A (slightly) miserably depiction of life without sunshine or youth, Howe Gelb throws up his career as an indie rocker in his latest album, Future Standards, preferring to take on the persona of lazy-millionaire-hiding-in-the-corner-of-the-club.
“Love is a simple thing,” he sings, a premise for the album’s motives; for the album, itself, is a simple thing. Deep bass, Gelb’s casual voice, and a strong reliance on piano bring a soft jazz mood to the album, which could be mistaken as elevator music, if one were to overlook the notion of sultriness behind the casual air. The album opens with “Terribly So,” featuring singer Lonna Kelley, who lightens the mood with her delicate, feminine voice. The songs are mainly sang by Gelb, however, who, granted, also wrote and produced them all.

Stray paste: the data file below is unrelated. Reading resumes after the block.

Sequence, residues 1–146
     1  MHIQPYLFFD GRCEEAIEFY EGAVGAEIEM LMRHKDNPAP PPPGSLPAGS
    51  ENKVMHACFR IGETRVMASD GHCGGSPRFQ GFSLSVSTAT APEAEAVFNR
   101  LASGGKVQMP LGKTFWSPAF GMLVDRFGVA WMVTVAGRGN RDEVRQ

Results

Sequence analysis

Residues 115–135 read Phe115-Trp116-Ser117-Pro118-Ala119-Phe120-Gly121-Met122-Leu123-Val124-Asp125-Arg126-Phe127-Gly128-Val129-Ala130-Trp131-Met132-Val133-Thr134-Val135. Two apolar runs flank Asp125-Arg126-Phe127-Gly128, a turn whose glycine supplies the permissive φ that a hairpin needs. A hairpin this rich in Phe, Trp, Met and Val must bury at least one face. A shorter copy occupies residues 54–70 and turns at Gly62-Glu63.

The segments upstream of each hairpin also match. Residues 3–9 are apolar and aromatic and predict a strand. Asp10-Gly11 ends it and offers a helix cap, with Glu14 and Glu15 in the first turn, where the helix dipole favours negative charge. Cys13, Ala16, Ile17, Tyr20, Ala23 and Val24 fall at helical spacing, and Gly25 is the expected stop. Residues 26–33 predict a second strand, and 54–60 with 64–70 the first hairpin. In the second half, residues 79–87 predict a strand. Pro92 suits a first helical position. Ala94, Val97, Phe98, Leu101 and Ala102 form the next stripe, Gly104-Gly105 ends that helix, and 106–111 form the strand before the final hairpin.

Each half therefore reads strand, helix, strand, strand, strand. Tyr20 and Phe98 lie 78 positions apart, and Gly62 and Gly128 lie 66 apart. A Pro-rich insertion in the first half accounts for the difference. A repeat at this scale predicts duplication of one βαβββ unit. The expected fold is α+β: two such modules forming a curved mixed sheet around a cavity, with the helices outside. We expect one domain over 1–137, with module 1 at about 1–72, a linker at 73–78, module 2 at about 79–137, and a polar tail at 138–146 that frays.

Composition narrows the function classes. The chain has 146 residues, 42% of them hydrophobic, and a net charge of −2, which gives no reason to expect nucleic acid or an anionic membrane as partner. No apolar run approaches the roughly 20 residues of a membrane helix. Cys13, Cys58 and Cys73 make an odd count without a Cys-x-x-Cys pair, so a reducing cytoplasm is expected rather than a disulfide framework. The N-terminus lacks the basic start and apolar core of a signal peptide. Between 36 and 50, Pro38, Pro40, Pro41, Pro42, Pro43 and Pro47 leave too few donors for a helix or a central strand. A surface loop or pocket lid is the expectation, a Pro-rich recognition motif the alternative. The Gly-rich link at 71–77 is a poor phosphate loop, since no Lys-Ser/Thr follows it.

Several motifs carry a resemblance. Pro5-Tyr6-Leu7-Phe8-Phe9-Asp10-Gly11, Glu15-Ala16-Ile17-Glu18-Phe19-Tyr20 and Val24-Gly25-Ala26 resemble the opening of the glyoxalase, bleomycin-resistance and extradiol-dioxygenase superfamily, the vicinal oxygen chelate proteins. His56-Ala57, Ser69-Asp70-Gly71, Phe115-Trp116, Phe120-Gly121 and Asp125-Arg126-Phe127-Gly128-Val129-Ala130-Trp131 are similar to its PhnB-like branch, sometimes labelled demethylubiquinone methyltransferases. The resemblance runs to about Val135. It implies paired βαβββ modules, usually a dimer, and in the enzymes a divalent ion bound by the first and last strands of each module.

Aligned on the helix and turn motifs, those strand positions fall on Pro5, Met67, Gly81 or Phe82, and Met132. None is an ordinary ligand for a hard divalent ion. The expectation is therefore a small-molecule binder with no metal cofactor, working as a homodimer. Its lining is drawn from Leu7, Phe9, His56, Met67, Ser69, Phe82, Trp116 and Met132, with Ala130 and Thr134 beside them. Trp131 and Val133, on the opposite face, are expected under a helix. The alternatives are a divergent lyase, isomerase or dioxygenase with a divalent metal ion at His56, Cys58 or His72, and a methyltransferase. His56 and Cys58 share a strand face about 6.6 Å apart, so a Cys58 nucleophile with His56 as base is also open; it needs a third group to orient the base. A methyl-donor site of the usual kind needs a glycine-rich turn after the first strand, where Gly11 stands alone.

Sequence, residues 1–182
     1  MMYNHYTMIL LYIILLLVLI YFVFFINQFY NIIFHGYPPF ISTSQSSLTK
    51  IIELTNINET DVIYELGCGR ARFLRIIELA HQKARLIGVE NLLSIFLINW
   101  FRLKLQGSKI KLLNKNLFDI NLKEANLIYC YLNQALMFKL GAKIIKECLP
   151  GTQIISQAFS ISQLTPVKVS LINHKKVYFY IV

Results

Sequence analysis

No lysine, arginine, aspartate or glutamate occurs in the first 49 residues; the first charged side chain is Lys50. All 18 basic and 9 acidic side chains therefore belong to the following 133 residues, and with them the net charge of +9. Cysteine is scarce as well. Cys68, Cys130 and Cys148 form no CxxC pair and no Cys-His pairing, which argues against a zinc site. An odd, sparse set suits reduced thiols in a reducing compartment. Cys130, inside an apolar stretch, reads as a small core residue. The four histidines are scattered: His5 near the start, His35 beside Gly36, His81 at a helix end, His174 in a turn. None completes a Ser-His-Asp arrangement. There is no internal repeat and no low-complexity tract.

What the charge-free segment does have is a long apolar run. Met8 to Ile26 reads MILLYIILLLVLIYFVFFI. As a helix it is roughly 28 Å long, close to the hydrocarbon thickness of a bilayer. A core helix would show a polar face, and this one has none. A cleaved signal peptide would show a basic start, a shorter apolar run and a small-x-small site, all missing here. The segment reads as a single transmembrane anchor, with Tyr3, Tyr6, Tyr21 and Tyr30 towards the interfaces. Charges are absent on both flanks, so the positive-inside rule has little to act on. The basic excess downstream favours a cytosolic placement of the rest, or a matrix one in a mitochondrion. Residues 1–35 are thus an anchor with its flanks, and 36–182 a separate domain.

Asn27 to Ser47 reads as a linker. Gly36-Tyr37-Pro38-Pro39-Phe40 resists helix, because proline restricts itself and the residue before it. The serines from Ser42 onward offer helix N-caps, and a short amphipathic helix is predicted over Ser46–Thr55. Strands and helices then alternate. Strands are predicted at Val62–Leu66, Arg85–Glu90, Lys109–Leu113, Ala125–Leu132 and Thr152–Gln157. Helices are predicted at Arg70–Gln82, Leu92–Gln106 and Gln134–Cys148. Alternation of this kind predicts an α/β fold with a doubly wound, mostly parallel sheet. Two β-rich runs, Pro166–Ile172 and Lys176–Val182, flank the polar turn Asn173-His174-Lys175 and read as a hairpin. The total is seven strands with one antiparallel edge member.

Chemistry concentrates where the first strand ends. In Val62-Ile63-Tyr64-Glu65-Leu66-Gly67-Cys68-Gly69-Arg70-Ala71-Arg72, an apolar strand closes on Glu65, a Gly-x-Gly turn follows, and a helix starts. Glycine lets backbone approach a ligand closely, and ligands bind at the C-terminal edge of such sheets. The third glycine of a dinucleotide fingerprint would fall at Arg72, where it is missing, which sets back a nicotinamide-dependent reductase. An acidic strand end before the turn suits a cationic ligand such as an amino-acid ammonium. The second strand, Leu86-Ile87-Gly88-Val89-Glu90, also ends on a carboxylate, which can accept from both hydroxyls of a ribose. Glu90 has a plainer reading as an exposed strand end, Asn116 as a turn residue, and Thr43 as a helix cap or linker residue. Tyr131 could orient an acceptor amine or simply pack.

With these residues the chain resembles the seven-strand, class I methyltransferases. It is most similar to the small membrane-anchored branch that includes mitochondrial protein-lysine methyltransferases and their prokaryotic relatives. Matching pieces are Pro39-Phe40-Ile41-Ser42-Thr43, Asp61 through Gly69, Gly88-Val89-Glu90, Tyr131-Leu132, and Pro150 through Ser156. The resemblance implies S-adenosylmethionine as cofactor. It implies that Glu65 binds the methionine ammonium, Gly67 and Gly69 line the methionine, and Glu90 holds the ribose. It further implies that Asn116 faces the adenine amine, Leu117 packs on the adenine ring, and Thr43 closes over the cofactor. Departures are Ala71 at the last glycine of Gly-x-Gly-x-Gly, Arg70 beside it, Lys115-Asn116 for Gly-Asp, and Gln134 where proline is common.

At times, it seems as if Gelb is singing to himself; as though he is that elder man at the bar, listening to this jazzy background music play softly, as he lifts his cigar to his mouth, and sets down his drink. Perhaps, Gelb meant to remind others- of love, sorrow, and in the end, age. His tone is casual, yet final, a synopsis of his life thus far, presented as a mumble of short recollections and advice.
Nevertheless, the simplicity of Gelb’s latest album, Future Standards, was certainly not easily managed; to establish such a consistent mood is boring, if nothing less. Of course, his talent in songwriting and creativity should not be forsaken. The album is a token of Gelb’s life so far, and meant to be regarded as is; or, not at all.